Frederick F. Reichheld claims that you only have to ask customers one question to grow your business: “On a scale of 1 to 10, how likely is it that you would recommend our brand to a friend or colleague?” He argues that willingness to promote is a good indicator of an individual’s loyalty because in doing so they are aligning their own reputation with the brand.
Reichheld advocates analysing data collected in this way by constructing the now widespread metric of the Net Promoter Score (Promoters [scores 9 and 10] less Detractors [scores 1 to 6] = NPS). But what makes the recommend question superior to other customer experience metrics such as value for money, quality or satisfaction?
The premise is that as willingness to recommend increases then loyalty increases. However, we might also expect a similar relationship for satisfaction or indeed any other of the commonly-used customer experience metrics.
Whichever the chosen metric, there will inevitably be outliers: cases that buck the trend, such as individuals who recommend wholeheartedly but for whatever reason don’t happen to purchase again. For recommend to be the superior metric, there need to be fewer outliers than for, say, satisfaction. It is often not this straightforward – a personal recommendation of a brand is complicated by many other issues. Is the product or service relevant to your friends and family? Is it an appropriate product to recommend? Are you the type of person who is likely to recommend?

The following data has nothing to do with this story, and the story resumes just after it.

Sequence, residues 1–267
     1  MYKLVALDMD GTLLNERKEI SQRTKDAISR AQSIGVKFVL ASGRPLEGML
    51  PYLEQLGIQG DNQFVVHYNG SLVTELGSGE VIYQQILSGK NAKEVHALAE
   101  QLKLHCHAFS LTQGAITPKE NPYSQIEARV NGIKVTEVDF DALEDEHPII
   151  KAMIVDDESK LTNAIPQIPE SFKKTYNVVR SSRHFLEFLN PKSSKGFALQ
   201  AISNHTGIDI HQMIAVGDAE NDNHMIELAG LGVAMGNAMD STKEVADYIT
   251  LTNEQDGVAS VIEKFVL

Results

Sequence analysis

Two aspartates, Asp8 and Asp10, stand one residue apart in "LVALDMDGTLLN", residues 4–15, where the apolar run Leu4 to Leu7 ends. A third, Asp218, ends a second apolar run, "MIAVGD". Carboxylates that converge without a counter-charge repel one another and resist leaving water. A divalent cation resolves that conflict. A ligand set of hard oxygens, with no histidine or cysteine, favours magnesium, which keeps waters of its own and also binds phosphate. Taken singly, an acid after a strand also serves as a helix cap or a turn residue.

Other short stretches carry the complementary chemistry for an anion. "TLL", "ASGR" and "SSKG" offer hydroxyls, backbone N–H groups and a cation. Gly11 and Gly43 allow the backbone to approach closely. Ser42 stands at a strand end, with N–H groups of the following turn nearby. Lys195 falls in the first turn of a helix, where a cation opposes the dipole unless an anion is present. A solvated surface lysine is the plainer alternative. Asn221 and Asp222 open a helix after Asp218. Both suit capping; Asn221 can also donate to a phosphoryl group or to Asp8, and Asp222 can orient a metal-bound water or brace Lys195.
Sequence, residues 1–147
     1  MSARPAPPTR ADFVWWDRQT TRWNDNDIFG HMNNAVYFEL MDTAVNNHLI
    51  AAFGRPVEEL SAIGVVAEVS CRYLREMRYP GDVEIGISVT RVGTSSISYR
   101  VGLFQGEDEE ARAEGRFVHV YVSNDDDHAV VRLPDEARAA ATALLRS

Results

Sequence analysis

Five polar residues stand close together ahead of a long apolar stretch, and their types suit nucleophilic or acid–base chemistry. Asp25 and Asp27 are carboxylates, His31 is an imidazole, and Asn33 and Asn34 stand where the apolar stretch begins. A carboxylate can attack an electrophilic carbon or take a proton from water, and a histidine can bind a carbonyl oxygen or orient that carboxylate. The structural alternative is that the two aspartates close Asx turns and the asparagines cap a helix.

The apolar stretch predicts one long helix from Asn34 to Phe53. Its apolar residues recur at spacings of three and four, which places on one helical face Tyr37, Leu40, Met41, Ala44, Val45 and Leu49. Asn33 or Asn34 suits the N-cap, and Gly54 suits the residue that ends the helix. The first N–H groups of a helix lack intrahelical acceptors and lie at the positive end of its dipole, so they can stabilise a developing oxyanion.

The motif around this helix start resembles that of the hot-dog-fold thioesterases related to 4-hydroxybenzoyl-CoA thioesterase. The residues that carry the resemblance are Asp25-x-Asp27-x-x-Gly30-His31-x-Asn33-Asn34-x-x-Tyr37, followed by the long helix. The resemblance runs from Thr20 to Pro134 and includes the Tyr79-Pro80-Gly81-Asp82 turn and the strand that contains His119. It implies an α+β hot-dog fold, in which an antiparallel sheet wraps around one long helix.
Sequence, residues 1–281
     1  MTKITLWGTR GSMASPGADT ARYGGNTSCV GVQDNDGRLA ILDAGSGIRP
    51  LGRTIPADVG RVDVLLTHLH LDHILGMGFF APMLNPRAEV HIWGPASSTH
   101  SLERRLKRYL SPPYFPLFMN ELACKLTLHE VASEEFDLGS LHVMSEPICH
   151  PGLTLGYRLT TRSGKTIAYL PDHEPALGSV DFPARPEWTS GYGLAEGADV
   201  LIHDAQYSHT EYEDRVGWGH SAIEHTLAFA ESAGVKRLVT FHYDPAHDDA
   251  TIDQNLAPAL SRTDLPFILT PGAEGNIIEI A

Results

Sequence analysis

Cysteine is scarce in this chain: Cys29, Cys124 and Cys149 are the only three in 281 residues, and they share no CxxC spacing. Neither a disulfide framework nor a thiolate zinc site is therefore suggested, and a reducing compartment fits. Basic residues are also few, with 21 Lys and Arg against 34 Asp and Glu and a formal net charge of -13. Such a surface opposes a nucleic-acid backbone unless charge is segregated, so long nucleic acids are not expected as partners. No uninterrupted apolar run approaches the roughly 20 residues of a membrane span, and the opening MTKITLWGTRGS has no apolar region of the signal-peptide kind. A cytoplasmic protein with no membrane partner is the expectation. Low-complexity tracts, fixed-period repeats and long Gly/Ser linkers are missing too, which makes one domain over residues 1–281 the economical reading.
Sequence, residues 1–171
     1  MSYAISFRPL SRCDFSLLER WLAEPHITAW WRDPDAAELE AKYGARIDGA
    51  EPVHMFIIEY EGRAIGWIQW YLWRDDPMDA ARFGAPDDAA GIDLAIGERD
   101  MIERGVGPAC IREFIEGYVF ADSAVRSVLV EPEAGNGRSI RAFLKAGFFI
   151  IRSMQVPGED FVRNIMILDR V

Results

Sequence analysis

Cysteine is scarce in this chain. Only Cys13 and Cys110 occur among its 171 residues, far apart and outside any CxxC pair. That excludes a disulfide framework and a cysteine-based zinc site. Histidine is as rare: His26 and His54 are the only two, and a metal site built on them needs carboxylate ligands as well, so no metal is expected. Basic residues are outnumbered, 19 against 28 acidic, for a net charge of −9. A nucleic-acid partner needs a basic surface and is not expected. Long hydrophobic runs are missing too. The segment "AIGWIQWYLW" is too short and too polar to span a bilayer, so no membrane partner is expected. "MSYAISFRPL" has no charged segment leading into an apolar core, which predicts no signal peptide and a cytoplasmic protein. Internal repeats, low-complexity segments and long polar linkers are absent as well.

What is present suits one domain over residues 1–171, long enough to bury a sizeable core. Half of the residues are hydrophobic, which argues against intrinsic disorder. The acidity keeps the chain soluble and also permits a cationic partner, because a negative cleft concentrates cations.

Considering these external factors, a graph depicting the recommend ratings against a business metric would be more prone to outliers than other customer experience metrics and not fewer as Reichheld argues. Further, we might expect considerable differences between industry sectors.
Despite the widespread use of the recommend question and NPS, Reichheld has not published his original data in a peer-reviewed journal, nor is there a peer-reviewed rebuttal to the many legitimate concerns that have been raised about the supposed superiority of this metric.
His 2003 Harvard Business Review article discusses it and a white paper is available on Satmetrix’s website. But nowhere are the numbers that matter presented. With so much now riding on NPS, surely it is time to see the original analysis in its entirety?
Analytics director, 2CV